James McGrath has just mentioned his interest in the Mandaeans. This is perhaps as good a time as any for me to bring up the gender of the holy spirit in Aramaic. The holy spirit for the Mandaeans was a female deity of ambiguous moral nature. Jorunn Jacobsen writes,
- Mandaeism presents Ruha (Spirit) largely as a leader of the forces of darkness opposing those of the Lightworld. Traditionally, most scholars have labeled her as evil, and it is true that she possesses abundant negative traits. One of her epithets is Ruha d-Qudša (Holy Spirit), a devalued Christian Holy Spirit, it seems. A mistress of the detested Jewish god Adonai, Ruha is also the mother of the malignant zodiac spirits and of the planets.
Still, there are good reasons to see Ruha as a fallen wisdom figure, resembling Sophia (Wisdom) in other Gnostic traditions. Mandaean materials testifying to such a view of Ruha include passages in which she speaks and behaves in ways one would not expect of a force hostile to the Lightworld. She displays dramatic mood swings, suffers, and utters revelatory speeches uncharacteristic of a figure of darkness. Instead of seeing these passages as atypical occurrences thwarting a scholarly, imposed negative pattern, I think it is useful to take them as clues to Ruha's own ambivalence and to her ambiguous personality. This chapter, therefore, offers a sustained examination of the stories in which Ruha appears as ambiguous or in a downright positive light. Four sets of mythological traditions, taken from a variety of texts, will serve to illustrate my point.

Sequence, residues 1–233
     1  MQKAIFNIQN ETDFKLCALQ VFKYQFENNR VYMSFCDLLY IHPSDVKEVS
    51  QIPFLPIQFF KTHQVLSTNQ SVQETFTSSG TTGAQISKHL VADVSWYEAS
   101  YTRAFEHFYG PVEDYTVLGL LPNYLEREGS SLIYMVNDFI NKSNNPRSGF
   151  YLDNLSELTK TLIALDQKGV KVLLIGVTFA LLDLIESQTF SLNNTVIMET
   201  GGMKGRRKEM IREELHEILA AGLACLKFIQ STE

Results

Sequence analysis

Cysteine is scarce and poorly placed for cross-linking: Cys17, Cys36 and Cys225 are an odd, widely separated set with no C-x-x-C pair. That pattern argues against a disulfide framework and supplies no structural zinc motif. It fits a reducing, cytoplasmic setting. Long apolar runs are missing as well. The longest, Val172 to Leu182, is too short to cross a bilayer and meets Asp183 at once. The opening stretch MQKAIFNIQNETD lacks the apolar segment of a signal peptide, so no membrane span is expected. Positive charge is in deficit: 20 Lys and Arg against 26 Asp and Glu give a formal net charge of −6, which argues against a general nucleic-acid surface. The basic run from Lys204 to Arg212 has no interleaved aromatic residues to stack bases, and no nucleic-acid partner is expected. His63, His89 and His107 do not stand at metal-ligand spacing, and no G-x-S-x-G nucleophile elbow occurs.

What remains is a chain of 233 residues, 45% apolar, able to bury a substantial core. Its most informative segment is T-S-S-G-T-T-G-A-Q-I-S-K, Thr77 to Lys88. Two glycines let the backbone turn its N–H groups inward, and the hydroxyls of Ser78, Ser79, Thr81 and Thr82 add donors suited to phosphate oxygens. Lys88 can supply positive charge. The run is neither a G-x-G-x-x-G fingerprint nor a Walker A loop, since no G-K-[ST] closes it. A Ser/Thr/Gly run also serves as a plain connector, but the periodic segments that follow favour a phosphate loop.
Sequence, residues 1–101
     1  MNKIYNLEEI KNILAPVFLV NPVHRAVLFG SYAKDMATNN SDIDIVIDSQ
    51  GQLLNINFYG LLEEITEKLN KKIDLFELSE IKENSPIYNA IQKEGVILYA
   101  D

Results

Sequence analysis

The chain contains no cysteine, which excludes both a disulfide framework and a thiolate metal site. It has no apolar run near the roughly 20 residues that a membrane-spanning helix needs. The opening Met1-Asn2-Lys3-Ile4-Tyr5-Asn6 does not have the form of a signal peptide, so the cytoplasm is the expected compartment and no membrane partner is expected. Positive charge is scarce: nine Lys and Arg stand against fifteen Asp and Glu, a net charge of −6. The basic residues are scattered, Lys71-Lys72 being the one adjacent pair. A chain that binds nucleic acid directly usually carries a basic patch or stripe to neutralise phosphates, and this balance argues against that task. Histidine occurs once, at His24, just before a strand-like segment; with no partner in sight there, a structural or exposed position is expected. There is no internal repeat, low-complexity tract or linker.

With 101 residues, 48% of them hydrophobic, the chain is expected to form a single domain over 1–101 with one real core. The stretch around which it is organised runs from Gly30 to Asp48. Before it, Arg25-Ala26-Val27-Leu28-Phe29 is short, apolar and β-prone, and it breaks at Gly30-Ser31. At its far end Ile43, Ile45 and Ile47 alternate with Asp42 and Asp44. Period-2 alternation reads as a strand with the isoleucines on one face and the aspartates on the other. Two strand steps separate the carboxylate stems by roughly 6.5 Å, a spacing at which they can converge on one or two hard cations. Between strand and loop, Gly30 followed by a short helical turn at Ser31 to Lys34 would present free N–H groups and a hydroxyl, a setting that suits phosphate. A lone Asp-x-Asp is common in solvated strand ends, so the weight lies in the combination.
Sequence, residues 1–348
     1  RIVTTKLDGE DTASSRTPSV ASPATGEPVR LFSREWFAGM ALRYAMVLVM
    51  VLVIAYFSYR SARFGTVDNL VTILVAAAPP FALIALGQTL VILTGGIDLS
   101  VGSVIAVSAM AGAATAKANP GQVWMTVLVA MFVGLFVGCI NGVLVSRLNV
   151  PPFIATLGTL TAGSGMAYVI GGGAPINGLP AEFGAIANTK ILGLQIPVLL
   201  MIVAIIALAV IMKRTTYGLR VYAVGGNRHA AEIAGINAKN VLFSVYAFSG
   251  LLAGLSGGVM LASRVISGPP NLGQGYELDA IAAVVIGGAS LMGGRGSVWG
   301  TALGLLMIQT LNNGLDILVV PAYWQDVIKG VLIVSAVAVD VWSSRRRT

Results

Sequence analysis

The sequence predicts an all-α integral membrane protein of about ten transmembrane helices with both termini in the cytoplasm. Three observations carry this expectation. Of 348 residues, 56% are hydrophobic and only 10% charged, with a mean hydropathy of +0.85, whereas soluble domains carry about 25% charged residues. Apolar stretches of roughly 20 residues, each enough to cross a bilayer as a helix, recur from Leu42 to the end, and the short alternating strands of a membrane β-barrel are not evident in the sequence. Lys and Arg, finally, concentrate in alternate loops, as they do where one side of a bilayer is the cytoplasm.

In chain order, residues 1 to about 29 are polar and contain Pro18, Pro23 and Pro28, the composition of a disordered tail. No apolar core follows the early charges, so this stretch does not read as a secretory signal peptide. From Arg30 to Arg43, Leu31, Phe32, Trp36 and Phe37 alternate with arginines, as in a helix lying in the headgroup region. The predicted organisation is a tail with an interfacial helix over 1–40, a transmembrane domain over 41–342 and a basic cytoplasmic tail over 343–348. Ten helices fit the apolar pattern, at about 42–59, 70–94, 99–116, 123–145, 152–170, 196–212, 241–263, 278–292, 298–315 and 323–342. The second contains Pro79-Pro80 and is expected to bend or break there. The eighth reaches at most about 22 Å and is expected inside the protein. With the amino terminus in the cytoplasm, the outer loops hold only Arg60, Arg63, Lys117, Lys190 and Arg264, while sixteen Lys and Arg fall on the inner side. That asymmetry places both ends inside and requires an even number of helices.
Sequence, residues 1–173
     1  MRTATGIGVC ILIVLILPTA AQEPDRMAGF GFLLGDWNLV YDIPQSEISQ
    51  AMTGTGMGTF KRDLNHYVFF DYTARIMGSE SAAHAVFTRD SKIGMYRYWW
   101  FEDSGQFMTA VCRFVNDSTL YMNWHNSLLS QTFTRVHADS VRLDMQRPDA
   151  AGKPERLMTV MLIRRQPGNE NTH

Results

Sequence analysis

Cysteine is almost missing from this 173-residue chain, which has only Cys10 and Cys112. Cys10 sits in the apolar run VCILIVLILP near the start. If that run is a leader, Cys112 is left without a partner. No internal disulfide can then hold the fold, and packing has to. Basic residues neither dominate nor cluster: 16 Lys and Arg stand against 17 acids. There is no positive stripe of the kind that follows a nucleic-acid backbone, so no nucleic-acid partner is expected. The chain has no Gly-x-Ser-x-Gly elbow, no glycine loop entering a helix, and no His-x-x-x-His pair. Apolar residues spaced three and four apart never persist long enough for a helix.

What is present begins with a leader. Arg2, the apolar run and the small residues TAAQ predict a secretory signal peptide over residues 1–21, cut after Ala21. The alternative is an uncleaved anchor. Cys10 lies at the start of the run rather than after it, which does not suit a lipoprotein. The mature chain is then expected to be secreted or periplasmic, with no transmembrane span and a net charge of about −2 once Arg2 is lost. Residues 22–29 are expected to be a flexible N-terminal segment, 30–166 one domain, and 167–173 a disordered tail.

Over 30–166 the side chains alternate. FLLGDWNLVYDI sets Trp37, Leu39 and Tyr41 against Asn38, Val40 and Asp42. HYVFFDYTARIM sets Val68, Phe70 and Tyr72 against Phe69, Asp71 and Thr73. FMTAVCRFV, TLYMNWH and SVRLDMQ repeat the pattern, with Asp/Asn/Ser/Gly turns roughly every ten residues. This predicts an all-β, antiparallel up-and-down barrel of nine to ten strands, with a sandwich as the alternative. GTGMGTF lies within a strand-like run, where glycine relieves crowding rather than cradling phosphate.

Both Greek and Aramaic gnostic groups had a feminine divine character, either Sophia or Ruha. In fact, the Holy Spirit did not become unambiguously masculine in English Bible translations until the 19th century.